Tim Biskup presenting at the Pictoplasma Conference. Photo by Kid Instants.
The 10th Annual Pictoplasma Conference and Festival recently closed in Berlin. To celebrate a decade of innovative and progressive graphic arts, more than 100 of the project’s most influential artists, designers, illustrators, and filmmakers created portraits for “The Pictoplasma Portrait Gallery.”
Many of the character portraits alluded to death and politics, and were heavily wary of contemporary society’s reliance on smartphones, as well as the high levels at which we consume technology. The overall critical sentiment enticed the viewer to think of society through the external lenses of the fictitious characters.
Toy-like horses flee the brain-space of a woman, whose placid face bursts and appears like fragmented bits of porcelain in Berlin-based Andrea Wan’s, “Horses.” In Fons Schiedon’s 10-channel video installation, “Everyone needs a cheerleader,” early cartoon aesthetics showing such images as a bald eagle surfing in “Waterboarding Club” undermine U.S. foreign policy. Berlin-based Max Gärtner, whose “Animal Watching” exhibition at last year’s festival cleverly put man and animal in conversation with one another to reveal similarities between the human world and the animal kingdom, presented a tiger against a gold background, creating a majestic aura around the king of the jungle.
Two large-scale works grounded the exhibition in topics of technology. On the upstairs level, the festival’s cornerstone project, “#CharacterSelfies,” addressed the current “selfie” phenomenon in an open call to designers, illustrators and artists, who were invited to submit small-scale images of their characters taking such pictures. Under the tagline, “TOO MANY DUCK FACES, NOT ENOUGH CHARACTER,” the project highlighted the disturbing narcissism that is plaguing the current environment and causing detriment to the way people relate to one another on a basic human level.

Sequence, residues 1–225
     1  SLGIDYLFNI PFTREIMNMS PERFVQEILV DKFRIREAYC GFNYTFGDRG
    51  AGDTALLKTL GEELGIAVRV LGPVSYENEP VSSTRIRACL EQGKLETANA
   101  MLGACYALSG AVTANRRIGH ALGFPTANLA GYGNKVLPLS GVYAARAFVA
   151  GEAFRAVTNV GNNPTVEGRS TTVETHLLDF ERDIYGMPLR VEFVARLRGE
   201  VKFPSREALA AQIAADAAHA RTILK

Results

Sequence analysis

To complement “#CharacterSelfies,” an installation on the ground floor by Australian-born Rilla Alexander consisted of a grocery aisle and shopping cart, both filled with “serial” boxes printed with Pictoplasma’s “Missing Link” character, which since 2011, has functioned as a symbol of the generic character lost without context. The packages of “White Noise” strongly resemble Andy Warhol’s “Brillo Boxes” and suggest today’s value system is no longer based on material, but is instead founded on the virtual.
Nychos presenting at the conference. Photo by Kid Instants.
Kimiaki Yaegashi presenting at the conference. Photo by Kid Instants.
Diana Beltran Herrera presenting at the conference. Photo by Kid Instants.
View of the Pictoplasma Portrait Gallery, photo by Dahahm Choi.
Andrea Wan, Pictoplasma Portrait Gallery.
Juan Molinet, Pictoplasma Portrait Gallery.
Jon Fox, Pictoplasma Portrait Gallery.
Doma Collective, Pictoplasma Portrait Gallery.
Max Gartner, Pictoplasma Portait Gallery.
Mark Jenkins, Pictoplasma Portrait Gallery.
#CharacterSelfie by T-Wei
#CharacterSelfie by Stefano Colferai
Rilla Alexander’s “White Noise” installation on the ground floor of the Portrait Gallery. Photo by Dahahm Choi.